6 ways Kroger built an employee-centered intranet

Replacing an old intranet that didn’t work for anyone, the retail giant built a useful tool for its 460,000 employees.

Intranet lessons from Kroger

Editor’s note: This story is taken from Ragan Communications’ distance-learning portal Ragan Training. The site contains hundreds of hours of case studies, video presentations and interactive courses.

Imagine communicating with half a million supermarket employees in 35 states, ranging from food safety experts to teenage grocery baggers.

Their preferred means of accessing your information include desktops, laptops, mobile phones and the Xbox at Mom and Dad’s house.

That’s the quandary that Kroger—one of the world’s largest retailers—found itself in as it set out to replace its outdated intranet. (Kroger’s also has an internal storytelling platform.)

In “Drive engagement with an intranet that puts your employees front and center,” Erin Lickliter, Kroger’s head of associate communications and engagement, tells how the supermarket and retail chain designed and launched a site that unites a disparate workforce.

“We have more than doubled the visits to our sites,” Lickliter says. “We believe that is because we have delivered our associates what they asked for.”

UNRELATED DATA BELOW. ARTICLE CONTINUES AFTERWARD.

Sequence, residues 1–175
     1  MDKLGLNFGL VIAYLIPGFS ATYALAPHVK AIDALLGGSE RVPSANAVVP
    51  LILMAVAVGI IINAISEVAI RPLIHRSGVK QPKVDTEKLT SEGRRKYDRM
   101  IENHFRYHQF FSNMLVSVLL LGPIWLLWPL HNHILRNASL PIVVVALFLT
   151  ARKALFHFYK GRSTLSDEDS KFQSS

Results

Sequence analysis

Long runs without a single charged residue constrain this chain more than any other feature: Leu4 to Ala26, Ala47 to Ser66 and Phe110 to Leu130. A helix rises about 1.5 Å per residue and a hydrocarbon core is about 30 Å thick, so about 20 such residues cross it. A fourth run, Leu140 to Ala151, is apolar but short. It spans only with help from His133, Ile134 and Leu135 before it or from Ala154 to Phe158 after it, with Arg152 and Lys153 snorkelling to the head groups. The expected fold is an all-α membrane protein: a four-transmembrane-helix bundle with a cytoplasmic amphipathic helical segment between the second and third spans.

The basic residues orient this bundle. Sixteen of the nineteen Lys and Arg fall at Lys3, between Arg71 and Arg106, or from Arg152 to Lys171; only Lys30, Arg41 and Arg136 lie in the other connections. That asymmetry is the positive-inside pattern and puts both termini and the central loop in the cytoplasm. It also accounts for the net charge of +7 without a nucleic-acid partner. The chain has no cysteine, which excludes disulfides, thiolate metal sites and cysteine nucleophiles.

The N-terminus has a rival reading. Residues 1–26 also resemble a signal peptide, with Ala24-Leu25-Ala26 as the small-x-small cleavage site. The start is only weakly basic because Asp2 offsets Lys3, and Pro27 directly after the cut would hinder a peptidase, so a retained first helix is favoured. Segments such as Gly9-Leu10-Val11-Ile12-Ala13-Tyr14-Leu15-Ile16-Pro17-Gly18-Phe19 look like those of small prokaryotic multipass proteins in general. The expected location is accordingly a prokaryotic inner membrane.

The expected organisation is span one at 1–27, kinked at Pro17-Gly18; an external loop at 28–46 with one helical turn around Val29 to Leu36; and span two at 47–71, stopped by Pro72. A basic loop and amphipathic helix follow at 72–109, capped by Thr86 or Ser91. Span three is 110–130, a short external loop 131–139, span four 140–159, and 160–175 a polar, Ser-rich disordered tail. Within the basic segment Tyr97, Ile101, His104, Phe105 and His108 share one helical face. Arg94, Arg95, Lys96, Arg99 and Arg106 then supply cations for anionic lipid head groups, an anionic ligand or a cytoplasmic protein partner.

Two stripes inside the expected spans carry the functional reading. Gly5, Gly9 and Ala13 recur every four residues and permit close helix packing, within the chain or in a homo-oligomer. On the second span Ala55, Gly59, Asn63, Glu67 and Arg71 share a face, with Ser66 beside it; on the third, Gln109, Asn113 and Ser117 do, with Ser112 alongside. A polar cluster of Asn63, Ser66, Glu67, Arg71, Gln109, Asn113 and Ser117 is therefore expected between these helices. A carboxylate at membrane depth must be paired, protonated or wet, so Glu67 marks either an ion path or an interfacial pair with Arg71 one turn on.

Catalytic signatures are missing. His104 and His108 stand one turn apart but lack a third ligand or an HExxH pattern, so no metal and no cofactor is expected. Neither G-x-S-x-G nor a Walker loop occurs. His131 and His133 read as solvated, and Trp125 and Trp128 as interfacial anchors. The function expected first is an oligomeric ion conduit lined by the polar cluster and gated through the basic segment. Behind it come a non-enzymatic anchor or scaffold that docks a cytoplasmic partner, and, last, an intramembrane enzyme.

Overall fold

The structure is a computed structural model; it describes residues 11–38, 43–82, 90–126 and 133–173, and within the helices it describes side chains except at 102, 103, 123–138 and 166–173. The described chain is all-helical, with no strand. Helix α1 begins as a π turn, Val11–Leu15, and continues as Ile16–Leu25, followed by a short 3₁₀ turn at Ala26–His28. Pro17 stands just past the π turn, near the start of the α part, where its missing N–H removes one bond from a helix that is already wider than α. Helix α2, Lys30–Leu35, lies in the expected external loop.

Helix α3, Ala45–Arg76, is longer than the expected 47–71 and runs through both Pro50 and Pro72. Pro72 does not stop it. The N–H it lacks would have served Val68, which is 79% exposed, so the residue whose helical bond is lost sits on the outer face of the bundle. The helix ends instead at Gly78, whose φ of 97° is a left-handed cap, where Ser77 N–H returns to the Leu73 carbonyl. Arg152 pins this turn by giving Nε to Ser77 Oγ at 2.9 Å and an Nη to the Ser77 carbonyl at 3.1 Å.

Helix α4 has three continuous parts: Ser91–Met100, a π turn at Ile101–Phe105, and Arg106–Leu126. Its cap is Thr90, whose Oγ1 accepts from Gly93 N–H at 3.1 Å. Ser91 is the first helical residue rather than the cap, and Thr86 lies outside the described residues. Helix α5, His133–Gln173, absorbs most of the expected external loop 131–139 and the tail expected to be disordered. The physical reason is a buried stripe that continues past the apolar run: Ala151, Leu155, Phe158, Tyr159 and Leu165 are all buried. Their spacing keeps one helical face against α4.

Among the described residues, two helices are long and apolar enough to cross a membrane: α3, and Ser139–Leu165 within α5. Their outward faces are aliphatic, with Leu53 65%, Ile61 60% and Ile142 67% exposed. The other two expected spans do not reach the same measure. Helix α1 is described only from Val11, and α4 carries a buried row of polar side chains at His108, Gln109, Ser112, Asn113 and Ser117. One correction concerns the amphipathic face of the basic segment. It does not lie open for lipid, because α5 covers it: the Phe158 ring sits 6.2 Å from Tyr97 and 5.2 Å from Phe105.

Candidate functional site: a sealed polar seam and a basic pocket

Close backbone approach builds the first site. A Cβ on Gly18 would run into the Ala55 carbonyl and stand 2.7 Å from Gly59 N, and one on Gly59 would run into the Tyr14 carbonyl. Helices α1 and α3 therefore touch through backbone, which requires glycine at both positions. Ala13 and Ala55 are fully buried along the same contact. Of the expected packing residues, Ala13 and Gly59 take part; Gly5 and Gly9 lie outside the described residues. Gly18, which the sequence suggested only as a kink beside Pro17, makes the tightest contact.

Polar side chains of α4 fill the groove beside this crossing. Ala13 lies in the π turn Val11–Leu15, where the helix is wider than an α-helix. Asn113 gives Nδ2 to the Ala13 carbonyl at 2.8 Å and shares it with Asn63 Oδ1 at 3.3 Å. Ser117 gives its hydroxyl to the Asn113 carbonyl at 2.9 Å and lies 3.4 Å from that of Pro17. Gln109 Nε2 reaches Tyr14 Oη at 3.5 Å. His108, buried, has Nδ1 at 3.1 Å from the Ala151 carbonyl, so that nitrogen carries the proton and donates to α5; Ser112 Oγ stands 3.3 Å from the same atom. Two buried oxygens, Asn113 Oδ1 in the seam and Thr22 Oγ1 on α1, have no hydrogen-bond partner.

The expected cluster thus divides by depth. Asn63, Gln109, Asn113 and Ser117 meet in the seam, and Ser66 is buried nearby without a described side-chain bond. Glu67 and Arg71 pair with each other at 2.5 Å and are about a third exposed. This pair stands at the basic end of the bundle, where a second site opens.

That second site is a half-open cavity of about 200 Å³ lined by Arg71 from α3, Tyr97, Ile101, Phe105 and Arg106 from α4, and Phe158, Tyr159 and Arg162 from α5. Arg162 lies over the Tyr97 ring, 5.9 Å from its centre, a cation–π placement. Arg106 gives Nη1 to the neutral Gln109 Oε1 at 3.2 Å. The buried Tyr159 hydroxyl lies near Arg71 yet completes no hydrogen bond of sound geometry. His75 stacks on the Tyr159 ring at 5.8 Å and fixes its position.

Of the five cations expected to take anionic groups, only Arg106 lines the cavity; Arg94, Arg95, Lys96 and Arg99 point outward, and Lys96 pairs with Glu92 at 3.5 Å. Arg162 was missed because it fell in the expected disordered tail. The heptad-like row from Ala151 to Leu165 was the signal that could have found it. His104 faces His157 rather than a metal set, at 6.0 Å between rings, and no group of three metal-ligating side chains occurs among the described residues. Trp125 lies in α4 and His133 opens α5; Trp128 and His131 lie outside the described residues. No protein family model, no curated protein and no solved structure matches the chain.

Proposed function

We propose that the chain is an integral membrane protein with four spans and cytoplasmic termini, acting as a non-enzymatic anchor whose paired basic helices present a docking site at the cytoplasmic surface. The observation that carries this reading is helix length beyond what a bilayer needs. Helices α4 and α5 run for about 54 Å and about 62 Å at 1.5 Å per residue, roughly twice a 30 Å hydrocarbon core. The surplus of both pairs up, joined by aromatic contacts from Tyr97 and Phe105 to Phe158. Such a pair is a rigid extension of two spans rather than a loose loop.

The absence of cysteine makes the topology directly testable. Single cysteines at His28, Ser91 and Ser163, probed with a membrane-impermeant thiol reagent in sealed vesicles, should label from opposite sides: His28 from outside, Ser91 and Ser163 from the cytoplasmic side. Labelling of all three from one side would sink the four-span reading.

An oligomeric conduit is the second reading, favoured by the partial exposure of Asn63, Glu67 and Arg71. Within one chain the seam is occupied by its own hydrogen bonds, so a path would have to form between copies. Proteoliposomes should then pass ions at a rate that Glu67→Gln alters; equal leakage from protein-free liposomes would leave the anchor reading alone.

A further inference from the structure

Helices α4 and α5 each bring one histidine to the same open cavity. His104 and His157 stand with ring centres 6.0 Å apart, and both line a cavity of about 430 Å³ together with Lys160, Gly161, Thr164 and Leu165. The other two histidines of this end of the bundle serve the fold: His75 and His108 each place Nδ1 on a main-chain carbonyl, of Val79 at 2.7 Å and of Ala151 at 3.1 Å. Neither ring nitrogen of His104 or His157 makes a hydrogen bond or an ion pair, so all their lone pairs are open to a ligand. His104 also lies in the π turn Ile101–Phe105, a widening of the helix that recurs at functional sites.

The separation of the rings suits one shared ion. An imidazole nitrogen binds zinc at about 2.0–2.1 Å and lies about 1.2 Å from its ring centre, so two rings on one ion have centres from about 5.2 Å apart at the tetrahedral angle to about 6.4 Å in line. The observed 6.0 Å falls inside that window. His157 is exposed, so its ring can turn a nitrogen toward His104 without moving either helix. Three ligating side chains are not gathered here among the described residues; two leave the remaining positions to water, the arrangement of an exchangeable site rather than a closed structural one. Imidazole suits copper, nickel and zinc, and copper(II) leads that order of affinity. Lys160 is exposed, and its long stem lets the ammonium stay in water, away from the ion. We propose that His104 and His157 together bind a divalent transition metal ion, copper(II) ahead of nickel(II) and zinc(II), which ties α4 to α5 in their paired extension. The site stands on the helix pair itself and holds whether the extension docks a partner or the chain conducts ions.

Employees are scattered across numerous physical locations. Ninety percent of them work in grocery stores, and 60% are part-time. They often hold other jobs, meaning they receive communications from more than one employer.

In age and other demographics they vary widely. In some states youths as young as 14 can work, often bagging groceries at Kroger. The company’s eldest employee was 99 years old.

Here’s how Kroger came up with a new intranet to reach them all:

1. Audit first.

Kroger’s old intranet, BarneyWeb, dated to 1997 (it was named after Bernard “Barney” Kroger, who founded the company in 1883). It was a document repository containing thousands of documents. It answered questions such how stores should run produce and meat departments, and how manufacturing plants should produce the safest food. The navigation, however, was difficult.

“It is just folders and folders and folders of stuff,” Lickliter says. “It could take you eight to 10 clicks to get to the document that you need. Our associates were like, ‘What the heck? It is impossible for us to find anything.’”

An employee-focused website, Greatpeople.me, was an excellent storytelling and video platform, but it wasn’t the place for documents that people needed to do their jobs.

Kroger surveyed its staff as a part of a major audit. It revealed that only 18% of associates could quickly find the information they need. Only 17% agreed that Kroger’s site was modern and up to date. This dismal data helped sell leadership on the need for a multiyear revamp.

2. Customize the intranet.

Comms partnered closely with the tech team using Agile software for the design. This allowed for rapid and continual updates over the two years it took to build the site—and another year for a rolling launch.